There are four major categories of profit-eating problems in your network:
Next up? Let's talk about Service-Affecting Outages.
"Because we operate in a 911 environment, it is better to know early rather than later if something happens. If they're trying to dispatch Fire, EMS, or public safety to an event - and the microwave is down - it means the radios at that site can't be operated either."
-Fred Marvin, Steuben County Office of Emergency Services
While the first two causes we've talked about trigger increased costs, things are about to get much more interesting.
When you can't effectively monitor your network, you can't just write a bigger check to keep things running. When serious failures happen, that can actually disrupt your service delivery. This hurts revenue, incurs regulatory fines, or - in the case of public safety - puts lives at risk.
If you're in a competitive industry, it doesn't take much to upset your customers. This is magnified by the internet, where they can evaluate competing services and post negative online reviews about you.
Even in non-competitive industries, you're not immune. You may have to pay a contractual penalty if you have a service level agreement (SLA) with one of your business customers. If you can't keep up your side of the bargain (ex. 99.99% reliability), you may have pay back part or all of the premium they paid for dependable service.
If you're a natural monopoly (like a power utility), fines await you when you don't serve the public interest with adequate uptime.
Finally, public-safety radio systems and (to a lesser extent) general telephone services play a life-saving role during an emergency. If you can't keep your service online, you really can put lives at risk.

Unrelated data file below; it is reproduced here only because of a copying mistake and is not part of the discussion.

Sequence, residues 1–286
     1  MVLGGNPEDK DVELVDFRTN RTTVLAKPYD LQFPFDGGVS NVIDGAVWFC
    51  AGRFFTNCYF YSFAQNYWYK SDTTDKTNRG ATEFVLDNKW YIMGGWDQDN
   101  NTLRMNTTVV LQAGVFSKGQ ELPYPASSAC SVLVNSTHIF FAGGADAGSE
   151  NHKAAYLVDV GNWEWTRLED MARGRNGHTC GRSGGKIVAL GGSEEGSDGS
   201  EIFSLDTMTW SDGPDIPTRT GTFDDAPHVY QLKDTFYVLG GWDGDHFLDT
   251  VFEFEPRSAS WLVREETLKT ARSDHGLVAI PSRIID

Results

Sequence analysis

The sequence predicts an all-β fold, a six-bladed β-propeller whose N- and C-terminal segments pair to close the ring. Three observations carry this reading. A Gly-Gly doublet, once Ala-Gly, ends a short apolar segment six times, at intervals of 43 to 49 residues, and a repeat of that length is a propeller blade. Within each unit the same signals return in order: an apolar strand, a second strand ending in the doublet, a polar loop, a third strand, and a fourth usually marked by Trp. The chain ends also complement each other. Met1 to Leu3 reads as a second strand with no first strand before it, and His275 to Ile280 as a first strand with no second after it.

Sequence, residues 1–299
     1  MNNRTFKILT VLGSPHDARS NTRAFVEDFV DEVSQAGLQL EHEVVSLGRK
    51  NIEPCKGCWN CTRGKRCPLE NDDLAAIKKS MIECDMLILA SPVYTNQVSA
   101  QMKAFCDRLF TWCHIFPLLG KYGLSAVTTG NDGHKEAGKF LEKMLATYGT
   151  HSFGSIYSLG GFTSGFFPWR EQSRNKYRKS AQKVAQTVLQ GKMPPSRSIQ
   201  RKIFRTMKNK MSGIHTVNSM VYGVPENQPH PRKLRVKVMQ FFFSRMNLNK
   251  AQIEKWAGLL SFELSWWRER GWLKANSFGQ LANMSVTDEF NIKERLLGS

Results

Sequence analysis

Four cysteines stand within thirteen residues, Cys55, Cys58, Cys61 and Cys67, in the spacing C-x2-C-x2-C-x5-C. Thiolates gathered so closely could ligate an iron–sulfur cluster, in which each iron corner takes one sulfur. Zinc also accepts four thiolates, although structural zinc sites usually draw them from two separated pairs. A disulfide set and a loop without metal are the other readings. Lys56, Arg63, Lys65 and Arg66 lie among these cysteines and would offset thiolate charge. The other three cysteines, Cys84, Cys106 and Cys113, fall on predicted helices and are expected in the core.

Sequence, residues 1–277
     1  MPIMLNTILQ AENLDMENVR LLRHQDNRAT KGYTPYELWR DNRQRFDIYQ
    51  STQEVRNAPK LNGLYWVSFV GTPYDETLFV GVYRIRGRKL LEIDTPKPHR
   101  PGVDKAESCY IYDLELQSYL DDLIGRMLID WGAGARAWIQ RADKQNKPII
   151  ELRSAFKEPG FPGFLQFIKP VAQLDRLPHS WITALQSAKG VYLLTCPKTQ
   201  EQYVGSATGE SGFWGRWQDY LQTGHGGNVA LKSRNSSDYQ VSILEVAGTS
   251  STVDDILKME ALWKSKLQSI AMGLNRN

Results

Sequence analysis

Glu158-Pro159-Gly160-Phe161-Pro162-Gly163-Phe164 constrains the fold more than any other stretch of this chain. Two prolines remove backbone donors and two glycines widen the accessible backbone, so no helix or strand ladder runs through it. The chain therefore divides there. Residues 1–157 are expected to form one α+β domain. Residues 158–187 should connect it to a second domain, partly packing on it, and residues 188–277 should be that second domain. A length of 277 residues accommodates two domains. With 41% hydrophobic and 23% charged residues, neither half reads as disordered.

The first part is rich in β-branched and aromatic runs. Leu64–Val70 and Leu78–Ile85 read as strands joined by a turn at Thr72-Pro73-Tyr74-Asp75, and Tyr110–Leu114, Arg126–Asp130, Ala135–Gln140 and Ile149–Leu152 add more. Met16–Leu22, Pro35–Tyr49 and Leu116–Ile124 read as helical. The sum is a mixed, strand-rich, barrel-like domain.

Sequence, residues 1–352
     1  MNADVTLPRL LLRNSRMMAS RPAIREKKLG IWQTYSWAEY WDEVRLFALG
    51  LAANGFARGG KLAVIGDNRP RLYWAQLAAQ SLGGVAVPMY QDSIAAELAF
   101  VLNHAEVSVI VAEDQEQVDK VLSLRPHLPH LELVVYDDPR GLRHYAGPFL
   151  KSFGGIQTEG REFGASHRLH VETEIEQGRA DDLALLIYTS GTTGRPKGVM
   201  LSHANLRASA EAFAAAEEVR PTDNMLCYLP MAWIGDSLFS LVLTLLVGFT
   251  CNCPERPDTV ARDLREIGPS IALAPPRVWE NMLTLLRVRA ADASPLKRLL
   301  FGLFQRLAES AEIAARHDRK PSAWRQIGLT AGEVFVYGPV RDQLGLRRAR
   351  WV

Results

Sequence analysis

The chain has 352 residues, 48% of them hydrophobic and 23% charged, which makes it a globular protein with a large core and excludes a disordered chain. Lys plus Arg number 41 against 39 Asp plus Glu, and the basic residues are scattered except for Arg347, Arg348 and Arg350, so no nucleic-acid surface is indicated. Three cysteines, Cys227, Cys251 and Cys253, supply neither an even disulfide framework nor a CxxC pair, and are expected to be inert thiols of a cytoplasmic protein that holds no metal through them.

Even if it's more expensive overall than a service-affecting outage, waste on the cost side of your equation doesn't happen all at once.
Wasteful truck rolls eat a little piece of your budget each day. Power waste is similarly continuous. Even expensive equipment damage, which does happen all at once, is a fairly private event.
Service-affecting outages are dramatic public events. Customers get frustrated. Negative news reports are published. If there was loss of life, you can be deemed responsible - whether legally or in the court of public opinion.
This dynamic means that service-affecting outages are much more likely to trigger a dramatic response from your management. "Cleaning house" is a way to reassure the public that action is being taken.
You don't want your career to end prematurely during post-outage fallout. So, how can you ensure reliable uptime and protect yourself?
Unlike some of the other threats I describe in this book, "service-affecting outages" can have a wide variety of different causes.
All of those causes do, however, share a common root: poor visibility. You stand a good chance of stopping them if you just have good remote monitoring of some pretty basic things. Some of the most important items to monitor include:
So, what's next? Let's have a phone call to discuss all of the tutorial information I gave you above. I'll help you apply it a chart a way forward.
Give me a call at 1-800-693-0351 or email me at firstname.lastname@example.org to get started.
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